Is Beneful Dog Food Poisoning Pets?

A lawsuit filed in Northern CA claims that the dog food was responsible for sickening three dogs – and killing one of them; concerns have been raised about some of the ingredients such as propylene glycol and mycotoxins.

A class-action lawsuit filed in a District Court in Northern District of California claims that Nestle’s Purina PetCare Company’s Beneful dry kibble dog food has sickened – and even killed – thousands of dogs.

According to the lawsuit filed by Frank Lucido of Discovery Bay, CA, since the family began feeding their three dogs Beneful in late December 2014 or early January 2015, all of them became ill, and one died. Internal bleeding in the stomach and liver lesions were was revealed during the post-mortem examination of the dog that died, while similar symptoms were found in the other two dogs, a German Shepherd and a Labrador Retriever.

Nestlé Purina has retaliated describing the lawsuit as “baseless,” adding that two similar class-action lawsuits earlier had been dismissed by the courts. Bill Salzman, the company’s director of corporation communications said that: “Beneful is occasionally the subject of social media-driven misinformation. Online postings often contain false, unsupported and misleading allegations that cause undue concern and confusion for our Beneful customers. Bottom line: Consumers can continue to feed Beneful with total confidence.”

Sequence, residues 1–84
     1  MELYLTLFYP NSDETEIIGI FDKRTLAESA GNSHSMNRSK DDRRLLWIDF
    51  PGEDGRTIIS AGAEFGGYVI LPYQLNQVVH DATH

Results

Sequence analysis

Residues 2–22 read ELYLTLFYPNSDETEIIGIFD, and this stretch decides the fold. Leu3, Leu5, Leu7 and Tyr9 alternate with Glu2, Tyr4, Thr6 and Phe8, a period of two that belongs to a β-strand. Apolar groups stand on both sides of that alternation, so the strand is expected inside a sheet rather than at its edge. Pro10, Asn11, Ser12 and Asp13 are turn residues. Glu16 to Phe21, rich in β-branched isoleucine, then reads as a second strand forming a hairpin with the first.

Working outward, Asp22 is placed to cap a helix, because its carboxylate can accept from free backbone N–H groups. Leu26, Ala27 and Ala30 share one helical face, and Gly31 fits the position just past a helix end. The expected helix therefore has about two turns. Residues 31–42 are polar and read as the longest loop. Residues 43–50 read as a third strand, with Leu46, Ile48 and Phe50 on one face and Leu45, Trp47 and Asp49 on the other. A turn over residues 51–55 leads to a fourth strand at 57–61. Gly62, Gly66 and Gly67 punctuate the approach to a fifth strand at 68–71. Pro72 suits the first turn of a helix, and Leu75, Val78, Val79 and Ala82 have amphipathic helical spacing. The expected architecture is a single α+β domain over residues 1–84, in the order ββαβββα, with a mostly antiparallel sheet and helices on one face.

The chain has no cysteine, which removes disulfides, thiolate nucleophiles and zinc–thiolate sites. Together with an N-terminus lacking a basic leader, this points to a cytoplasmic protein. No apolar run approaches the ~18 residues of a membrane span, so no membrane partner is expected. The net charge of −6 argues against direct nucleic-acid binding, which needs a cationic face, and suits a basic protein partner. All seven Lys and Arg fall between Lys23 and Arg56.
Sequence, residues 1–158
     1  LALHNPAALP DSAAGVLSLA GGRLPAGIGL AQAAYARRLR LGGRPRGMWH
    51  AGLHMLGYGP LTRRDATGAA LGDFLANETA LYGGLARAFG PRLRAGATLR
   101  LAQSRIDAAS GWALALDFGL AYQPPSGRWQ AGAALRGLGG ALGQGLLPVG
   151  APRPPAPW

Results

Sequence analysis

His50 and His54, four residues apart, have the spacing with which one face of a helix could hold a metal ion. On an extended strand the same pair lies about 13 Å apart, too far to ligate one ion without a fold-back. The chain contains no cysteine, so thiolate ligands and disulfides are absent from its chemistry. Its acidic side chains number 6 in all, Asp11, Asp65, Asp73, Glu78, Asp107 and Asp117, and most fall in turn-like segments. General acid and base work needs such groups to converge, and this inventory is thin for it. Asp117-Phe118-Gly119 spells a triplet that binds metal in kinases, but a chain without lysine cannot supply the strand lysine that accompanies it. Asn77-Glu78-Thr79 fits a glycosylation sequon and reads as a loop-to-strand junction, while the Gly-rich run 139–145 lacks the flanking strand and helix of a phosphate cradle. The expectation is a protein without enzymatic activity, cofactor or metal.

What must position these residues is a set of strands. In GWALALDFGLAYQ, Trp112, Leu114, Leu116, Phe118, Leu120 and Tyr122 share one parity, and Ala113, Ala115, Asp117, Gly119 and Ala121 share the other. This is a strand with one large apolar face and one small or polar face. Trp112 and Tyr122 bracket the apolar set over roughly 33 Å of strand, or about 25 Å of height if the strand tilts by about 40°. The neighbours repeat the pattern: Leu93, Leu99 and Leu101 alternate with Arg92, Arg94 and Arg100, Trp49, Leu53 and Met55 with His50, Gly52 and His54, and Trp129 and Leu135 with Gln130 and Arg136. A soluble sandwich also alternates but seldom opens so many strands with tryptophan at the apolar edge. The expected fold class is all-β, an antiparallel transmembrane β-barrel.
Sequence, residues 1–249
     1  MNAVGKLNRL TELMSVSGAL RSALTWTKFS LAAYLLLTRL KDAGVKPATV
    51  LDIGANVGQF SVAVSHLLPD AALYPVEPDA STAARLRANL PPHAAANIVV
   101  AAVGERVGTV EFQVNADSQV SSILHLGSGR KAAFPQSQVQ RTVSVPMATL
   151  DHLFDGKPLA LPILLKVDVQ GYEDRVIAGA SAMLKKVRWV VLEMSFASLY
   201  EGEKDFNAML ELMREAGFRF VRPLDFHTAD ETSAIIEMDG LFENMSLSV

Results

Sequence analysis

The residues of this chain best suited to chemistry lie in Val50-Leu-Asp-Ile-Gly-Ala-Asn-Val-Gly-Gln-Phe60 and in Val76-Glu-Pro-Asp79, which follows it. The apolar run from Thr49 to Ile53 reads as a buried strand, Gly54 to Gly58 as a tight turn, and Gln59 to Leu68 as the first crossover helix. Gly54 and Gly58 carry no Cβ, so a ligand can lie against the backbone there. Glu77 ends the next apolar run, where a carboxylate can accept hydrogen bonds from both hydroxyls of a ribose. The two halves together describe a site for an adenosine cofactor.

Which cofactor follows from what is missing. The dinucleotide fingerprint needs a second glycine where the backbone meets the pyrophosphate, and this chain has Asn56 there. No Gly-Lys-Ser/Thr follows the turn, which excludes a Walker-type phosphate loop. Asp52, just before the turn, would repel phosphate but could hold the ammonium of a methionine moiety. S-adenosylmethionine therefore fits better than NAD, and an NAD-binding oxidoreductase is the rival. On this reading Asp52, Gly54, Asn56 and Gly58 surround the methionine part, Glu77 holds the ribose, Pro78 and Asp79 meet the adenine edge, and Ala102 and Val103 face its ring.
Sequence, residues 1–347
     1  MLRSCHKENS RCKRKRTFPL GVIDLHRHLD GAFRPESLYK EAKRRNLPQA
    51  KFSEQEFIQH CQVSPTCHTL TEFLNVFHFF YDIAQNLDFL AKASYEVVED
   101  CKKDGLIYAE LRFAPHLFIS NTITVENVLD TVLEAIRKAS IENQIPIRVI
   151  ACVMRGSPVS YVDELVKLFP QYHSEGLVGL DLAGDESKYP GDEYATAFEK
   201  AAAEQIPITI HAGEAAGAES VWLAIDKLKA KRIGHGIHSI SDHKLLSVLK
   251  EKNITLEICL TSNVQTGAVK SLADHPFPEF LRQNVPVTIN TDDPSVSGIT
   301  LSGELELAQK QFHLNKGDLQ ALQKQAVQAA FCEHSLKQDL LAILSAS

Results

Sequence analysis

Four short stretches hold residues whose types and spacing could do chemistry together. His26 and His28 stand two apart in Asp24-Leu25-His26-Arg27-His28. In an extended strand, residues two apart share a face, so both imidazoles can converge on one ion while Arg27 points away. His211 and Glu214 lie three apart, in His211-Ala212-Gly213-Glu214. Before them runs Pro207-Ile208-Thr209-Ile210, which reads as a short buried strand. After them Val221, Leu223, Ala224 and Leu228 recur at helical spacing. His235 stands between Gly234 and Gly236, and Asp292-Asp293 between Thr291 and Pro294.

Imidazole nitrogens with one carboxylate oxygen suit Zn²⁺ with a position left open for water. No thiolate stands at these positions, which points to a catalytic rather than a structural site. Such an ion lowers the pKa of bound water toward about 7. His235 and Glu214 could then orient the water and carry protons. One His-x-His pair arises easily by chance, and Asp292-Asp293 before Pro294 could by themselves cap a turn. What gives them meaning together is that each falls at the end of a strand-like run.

There are concerns raised in the lawsuit about ingredients in the dog food such as propylene glycol and mycotoxins, stating that the first one is a known animal toxin and a component of antifreeze, and mycotoxins, produced by mold found in grains, are a health risk to dogs. However, the company states that the type propylene glycol it uses is FDA-approved, and the type that’s used in human foods such as salad dressing and cake mix.

Following Lucido’s story, Jeff Cereghino, of Ram, Olson, Cereghino & Kopczynski in San Francisco, checked further and saw a much widespread pattern among several pet owners. “Several folks were trying to draw exactly the same causal link. Thousands,” said Cereghino, in San Francisco.

The lawsuit has raised concerns among pet owners. Veterinarians have advised those who are concerned to be aware of common poisoning symptoms and bring any concerns to their family vet.

Lucido’s lawsuit is alleging negligence, misrepresentation, product liability and unfair business practices on the part of Nestlé Purina and is reportedly seeking more than $5 million in damages, plus costs and fees.

Leave a Reply

Your email address will not be published. Required fields are marked *

For security, use of Google's reCAPTCHA service is required which is subject to the Google Privacy Policy and Terms of Use.